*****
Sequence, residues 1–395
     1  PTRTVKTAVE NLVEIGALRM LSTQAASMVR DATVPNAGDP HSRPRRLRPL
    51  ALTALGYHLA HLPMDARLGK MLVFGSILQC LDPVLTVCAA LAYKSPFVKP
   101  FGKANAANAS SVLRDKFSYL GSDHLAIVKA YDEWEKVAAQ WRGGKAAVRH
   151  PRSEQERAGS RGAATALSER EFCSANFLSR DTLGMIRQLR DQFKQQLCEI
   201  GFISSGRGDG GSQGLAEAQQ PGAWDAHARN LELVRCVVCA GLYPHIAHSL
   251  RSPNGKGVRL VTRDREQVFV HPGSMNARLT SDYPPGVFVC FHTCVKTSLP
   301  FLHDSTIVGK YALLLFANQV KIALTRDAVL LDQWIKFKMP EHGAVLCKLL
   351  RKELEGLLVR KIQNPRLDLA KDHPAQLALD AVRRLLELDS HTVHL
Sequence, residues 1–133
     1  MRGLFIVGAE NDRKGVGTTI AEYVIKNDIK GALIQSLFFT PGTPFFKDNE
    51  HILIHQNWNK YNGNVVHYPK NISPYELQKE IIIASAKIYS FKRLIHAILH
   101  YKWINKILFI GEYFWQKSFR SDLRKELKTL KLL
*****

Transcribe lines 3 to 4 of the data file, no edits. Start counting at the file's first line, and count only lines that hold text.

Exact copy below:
    51  ALTALGYHLA HLPMDARLGK MLVFGSILQC LDPVLTVCAA LAYKSPFVKP
   101  FGKANAANAS SVLRDKFSYL GSDHLAIVKA YDEWEKVAAQ WRGGKAAVRH